The proposed legal framework to establish the National Taskforce on Prohibition of Illegal Importation/Smuggling of Arms, Ammunition, Light Weapons, Chemical Weapons and Pipeline Vandalism (NATFORCE) was on Thursday supported by stakeholders at a public hearing in Abuja.
The support followed the presentation of memoranda at a one day public hearing of the Senate Committee on National Security and Intelligence.
Stakeholders maintained that the proliferation of small arms and light weapons has been the major challenge confronting the nation and triggering insecurity, adding that establishing a Commission to coordinate arms mop-up was ideal now.
Stating its own position on the bill, the Office of the National Security Adviser (NSA) and the Nigeria Customs Service however differed on the proposed legislation.
The NSA argued that the proposed outfit should assume a centre status and be domesticated in the Office of NSA.
The NSA’s stance was opposed to the proposed bill which recommended a full fledged ministry with its administrative structure.
Reacting, the Director, Legal Services of the National Centre for the Control of Small Arms and Light Weapons (NCCSALW), Chioma Onuegbu mounted a staunch defence stating that proliferation of weapons pose a threat to peace and security, a reason she said was strong enough to make it a full Commission with legal backing.
She added that there was no better time to pass the bill than now.
But the Nigeria Customs Service, represented by Usman Dakingari, Assistant Controller General of Customs was of the view that “if you block the land borders you will apprehend the culprits”.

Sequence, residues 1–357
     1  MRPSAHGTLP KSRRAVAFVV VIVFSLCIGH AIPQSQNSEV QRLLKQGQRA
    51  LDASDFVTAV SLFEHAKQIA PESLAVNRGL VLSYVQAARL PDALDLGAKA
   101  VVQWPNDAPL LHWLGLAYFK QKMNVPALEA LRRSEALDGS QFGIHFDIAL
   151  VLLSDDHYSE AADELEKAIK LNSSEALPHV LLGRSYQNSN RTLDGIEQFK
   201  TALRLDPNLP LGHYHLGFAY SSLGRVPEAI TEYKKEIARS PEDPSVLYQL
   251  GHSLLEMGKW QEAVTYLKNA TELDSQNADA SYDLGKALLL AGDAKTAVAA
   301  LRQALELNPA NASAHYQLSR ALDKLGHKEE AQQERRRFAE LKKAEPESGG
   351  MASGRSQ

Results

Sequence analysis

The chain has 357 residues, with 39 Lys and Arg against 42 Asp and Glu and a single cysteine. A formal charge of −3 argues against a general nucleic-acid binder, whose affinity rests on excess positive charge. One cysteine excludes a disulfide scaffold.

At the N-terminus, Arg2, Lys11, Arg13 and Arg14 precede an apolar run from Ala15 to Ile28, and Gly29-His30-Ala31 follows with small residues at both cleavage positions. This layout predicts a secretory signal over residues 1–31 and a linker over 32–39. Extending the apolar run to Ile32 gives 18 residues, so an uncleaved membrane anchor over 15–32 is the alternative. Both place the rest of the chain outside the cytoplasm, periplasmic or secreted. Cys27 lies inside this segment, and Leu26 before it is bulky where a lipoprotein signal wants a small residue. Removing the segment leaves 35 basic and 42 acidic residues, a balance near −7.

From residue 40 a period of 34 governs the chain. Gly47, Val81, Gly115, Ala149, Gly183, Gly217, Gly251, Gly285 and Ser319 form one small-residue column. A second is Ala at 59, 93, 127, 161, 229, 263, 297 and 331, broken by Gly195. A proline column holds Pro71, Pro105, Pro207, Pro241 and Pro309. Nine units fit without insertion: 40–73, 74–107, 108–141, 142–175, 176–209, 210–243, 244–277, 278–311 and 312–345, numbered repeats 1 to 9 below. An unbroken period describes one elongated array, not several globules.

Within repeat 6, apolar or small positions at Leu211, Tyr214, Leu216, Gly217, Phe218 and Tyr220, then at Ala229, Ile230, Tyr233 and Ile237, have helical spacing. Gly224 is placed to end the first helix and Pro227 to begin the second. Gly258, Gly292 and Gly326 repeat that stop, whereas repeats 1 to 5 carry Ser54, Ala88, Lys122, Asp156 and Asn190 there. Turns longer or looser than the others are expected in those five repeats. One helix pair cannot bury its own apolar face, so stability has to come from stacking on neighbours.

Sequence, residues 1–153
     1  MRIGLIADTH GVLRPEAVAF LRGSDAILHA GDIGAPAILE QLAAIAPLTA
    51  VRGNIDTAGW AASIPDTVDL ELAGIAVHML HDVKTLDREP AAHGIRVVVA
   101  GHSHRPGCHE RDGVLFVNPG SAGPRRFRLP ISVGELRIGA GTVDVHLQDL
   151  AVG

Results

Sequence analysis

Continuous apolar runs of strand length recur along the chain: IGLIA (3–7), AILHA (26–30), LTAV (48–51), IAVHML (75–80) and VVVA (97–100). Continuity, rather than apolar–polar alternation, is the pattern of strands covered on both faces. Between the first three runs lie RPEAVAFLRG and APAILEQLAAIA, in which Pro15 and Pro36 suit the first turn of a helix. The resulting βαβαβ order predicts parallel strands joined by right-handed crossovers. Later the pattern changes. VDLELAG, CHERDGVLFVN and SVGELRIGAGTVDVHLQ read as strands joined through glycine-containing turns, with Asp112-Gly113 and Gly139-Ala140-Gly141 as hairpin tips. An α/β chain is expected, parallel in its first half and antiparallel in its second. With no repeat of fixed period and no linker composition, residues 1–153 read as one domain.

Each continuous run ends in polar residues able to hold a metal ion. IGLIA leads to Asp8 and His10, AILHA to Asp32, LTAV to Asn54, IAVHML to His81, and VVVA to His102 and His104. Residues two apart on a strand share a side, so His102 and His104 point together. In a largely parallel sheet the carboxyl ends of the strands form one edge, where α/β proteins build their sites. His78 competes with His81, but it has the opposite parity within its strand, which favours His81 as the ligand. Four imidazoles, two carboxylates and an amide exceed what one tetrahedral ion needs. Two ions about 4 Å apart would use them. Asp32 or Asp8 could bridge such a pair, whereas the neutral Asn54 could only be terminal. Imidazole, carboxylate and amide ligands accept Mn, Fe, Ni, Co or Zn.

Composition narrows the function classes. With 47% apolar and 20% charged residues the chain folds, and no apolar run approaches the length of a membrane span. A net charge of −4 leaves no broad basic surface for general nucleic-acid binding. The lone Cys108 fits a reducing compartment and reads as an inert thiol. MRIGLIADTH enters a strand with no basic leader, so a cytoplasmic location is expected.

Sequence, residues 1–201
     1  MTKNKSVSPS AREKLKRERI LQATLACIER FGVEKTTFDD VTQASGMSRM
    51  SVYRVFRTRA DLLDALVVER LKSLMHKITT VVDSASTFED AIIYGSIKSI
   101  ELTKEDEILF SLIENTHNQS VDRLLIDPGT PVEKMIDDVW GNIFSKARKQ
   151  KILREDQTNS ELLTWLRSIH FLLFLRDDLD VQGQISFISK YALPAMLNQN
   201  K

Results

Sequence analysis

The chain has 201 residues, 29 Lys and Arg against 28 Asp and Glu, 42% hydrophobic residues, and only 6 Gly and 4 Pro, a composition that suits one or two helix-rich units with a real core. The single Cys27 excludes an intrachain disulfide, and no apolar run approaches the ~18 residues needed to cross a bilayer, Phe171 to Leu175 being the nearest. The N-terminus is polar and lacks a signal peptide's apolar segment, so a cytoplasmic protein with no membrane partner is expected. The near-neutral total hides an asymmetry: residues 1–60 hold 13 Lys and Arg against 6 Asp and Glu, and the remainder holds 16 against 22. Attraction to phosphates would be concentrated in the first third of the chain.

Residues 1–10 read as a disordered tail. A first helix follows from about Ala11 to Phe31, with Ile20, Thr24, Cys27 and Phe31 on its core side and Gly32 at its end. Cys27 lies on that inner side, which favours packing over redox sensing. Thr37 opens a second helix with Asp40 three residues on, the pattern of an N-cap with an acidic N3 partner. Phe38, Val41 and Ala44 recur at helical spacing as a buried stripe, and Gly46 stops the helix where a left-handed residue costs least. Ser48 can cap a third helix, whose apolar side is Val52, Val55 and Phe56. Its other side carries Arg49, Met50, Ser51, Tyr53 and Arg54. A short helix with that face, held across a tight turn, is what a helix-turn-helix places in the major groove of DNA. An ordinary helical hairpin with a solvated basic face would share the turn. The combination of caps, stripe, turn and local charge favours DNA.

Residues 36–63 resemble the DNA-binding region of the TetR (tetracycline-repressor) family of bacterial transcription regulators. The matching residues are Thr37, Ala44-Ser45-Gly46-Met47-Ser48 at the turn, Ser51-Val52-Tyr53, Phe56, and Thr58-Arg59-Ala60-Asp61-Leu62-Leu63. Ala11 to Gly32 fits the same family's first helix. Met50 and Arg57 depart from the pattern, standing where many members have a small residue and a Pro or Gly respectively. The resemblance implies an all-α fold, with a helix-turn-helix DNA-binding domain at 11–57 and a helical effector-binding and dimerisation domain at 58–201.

He also called for the establishment of a National Database for Weapons, saying Nigeria Customs is ready to synergize with other security agencies to curb the menace.
Declaring the session open, the Senate President, Senator Ahmad Lawan linked challenges associated with small and light weapons to crises in the Sahel.
Lawan, who spoke through Senate Deputy minority leader, Senator Shuaibu Lau stressed that the proliferation of weapons has triggered dangerous act of terrorism, adding “we are bound to reflect through relevant institutions”.
Consequently, Lawan noted this has precipitated the gathering of stakeholders on National Security and intelligence.
He noted that the essence of the Institutions is to control the menace of terrorism, kidnapping, armed robbery, banditry among others.
Dr. Yakubu Dadu, head of ECOWAS National office at the Ministry of Foreign Affairs, said “we are in support of the bill”.
According to him, the bill is linked to ECOWAS convention, pointing out that it is only Nigeria that has not established a centre to curb proliferation of small and light weapons in the sub-region.
“ECOWAS is looking up to Nigeria, we have suffered from consequences of small and light arms proliferation”.
Also speaking, the Director-General of Coalition of Nigeria Youths, Ambassador Ade Emmanuel supported the bill, however, emphasised that politics should be avoided during the consideration of the bill.
A member of the Committee, Senator Francis Fadahunsi, punctured the submission of the Office of the NSA.
“The NSA is yet to do its work, this bill started during President Olusegun Obasanjo when we called forensic into the Army, Police, we discovered 178,000 arms and ammunition lost to the criminals”.
Corroborating, Senator Patrick Ayo Akinyelure (Ondo Central) noted “ECOWAS said we should establish a commission through convention, the office of the NSA cannot audit itself, you are supposed to be the umbrella supervising all security agencies” he emphasised.
In a separate submission, the Director-General of National Taskforce Prohibition of Illegal, Importation/Smuggling of Arms, Ammunition, Light Weapons, Chemical Weapons and Pipeline Vandalism, Dr. Baba Mohammed backed the establishment of the commission.
He cited Liberia, Ghana, Sierra Leone, Cote d’Ivoire, Guinea as countries who have established the Commission to stop killings, kidnappings, banditry.
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